Another possible risk of eating uncooked meat and poultry is toxoplasmosis. The Toxoplasma parasite is destroyed by heat. As uncooked or under cooked meat has not been heated throughout, there is a chance that the parasite will enter the body. Toxoplasmosis can have severe effects on an unborn fetus. The fetus may spontaneously abort resulting in a miscarriage. Death during delivery is also a very real risk. Any meat eaten during pregnancy must be cooked throughout with no raw spots at all.

7. Delicatessen meat

Processed meats, such as those sold at your local deli, should be avoided during pregnancy. Foods like sliced meats, sandwich meats, cold cuts, and hot-dogs are processed meats. During the manufacturing process, it is possible for these foods to be contaminated by the listeria bacterium. An infection causes listeriosis which can cause serious pregnancy complications. The Listeria bacterium can move between the mother’s body and the placenta. The placenta feeds the baby. If listeriosis reaches the placenta, the fetus will be infected.

Both mother and her unborn child can become very ill. One of the consequences of listeriosis is the death of the fetus. One of the ways to make deli meats safer to eat is heating and cooking them at high temperatures. This kills off the bacteria. This process needs to be undertaken with care. Thorough heating is necessary. The Listeria bacterium is notoriously stubborn.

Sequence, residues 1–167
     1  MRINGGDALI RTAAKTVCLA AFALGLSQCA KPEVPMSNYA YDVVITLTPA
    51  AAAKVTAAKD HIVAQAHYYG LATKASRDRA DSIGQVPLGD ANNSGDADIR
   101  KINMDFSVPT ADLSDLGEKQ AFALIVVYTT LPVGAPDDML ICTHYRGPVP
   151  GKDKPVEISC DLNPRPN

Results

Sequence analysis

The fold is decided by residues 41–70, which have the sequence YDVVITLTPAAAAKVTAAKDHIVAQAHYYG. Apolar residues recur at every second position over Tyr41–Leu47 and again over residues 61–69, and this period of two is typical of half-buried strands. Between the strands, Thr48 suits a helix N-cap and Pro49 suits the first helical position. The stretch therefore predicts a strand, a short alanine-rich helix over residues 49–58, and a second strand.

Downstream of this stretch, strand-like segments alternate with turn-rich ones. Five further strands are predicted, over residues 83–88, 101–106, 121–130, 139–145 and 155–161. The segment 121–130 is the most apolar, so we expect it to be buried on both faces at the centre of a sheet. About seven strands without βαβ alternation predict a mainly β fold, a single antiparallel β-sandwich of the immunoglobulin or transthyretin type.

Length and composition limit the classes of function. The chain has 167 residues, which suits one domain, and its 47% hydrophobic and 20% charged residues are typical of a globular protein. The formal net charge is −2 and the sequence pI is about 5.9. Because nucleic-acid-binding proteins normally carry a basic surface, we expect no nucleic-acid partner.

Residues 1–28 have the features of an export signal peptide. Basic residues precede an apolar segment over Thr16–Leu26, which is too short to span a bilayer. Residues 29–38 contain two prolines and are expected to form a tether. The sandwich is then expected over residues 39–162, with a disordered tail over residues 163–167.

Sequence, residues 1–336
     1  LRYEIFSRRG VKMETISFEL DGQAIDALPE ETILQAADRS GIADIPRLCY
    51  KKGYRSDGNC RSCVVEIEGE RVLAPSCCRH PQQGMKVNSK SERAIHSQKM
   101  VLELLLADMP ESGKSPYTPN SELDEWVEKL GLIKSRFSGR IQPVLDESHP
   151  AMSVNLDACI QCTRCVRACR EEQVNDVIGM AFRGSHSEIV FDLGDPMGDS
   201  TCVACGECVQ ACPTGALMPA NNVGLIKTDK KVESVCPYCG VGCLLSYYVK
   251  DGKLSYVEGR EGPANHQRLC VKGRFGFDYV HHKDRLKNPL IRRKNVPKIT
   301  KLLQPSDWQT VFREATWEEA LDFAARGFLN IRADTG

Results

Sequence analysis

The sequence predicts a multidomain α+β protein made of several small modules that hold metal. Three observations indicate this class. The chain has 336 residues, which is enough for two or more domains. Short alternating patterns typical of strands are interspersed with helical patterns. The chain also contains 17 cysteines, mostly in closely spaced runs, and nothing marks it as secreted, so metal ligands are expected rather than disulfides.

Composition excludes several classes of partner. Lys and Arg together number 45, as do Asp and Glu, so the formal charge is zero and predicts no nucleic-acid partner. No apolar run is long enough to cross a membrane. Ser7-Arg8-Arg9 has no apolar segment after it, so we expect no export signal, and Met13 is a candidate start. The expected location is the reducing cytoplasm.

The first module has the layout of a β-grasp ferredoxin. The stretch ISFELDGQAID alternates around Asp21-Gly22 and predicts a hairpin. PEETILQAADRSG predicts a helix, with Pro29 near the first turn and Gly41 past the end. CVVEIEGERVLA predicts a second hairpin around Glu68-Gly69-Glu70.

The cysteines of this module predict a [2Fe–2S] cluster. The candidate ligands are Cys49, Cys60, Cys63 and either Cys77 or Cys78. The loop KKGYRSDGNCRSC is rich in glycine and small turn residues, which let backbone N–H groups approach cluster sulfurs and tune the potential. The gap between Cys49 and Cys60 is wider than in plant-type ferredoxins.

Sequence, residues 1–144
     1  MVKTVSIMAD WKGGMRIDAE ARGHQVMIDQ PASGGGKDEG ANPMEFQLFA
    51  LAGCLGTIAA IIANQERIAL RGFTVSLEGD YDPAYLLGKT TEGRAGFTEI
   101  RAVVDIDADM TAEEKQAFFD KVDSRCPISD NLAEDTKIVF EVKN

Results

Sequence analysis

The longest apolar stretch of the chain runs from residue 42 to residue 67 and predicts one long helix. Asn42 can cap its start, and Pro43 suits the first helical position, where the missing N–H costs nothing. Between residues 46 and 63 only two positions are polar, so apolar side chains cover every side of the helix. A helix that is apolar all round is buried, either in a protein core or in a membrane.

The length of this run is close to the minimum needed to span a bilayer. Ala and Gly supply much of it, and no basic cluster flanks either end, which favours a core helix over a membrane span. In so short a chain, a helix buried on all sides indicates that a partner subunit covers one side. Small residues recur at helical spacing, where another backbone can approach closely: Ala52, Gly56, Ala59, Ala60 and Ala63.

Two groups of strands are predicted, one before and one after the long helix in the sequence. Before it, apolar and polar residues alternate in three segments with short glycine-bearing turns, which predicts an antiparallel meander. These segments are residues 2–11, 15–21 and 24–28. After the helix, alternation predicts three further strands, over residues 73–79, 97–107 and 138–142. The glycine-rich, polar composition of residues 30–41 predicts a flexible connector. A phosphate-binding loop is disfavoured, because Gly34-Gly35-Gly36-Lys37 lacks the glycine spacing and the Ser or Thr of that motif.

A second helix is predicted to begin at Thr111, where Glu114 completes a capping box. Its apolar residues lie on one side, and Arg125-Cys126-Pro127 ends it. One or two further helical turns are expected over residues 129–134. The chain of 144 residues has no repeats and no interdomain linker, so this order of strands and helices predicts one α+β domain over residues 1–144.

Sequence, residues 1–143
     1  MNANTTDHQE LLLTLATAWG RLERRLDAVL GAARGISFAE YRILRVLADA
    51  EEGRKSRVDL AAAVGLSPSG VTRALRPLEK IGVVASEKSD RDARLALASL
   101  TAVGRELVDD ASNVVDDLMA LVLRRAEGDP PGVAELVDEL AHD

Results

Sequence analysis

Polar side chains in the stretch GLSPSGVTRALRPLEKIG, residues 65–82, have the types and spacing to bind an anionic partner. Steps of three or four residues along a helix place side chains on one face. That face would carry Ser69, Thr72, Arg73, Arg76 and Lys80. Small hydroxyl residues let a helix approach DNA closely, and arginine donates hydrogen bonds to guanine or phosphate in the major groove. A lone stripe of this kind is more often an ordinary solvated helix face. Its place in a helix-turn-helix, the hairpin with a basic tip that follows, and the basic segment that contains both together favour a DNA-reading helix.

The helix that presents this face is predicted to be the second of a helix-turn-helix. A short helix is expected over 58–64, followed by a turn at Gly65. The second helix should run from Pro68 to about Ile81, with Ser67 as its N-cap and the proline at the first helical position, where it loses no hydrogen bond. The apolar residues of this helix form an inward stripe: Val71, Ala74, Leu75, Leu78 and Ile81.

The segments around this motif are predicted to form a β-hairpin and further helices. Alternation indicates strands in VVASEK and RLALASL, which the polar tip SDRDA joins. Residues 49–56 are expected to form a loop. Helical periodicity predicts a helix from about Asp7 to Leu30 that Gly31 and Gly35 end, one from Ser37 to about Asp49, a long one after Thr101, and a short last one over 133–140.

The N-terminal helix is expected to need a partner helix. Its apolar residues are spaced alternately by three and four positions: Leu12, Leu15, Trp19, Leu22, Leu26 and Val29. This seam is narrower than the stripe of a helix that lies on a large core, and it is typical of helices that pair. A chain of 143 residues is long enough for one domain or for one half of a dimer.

8. Unpasteurized milk

Milk that has not yet been pasteurized is regarded as being raw. Pasteurization of the milk involves heating it to very high temperatures to kill off any bacteria and germs. Unpasteurized milk is a breeding ground for listeriosis, salmonella, and E. coli.  Infection with any of these bacteria will cause gastrointestinal severe illness. A healthy immune system should be able to fight off the bacteria, and the drinker will have only mild symptoms. However, pregnant women’s immune systems are weakened. This means that an infection will be more serious. The harm done to the baby can result in miscarriage, stillbirth, and birth complications.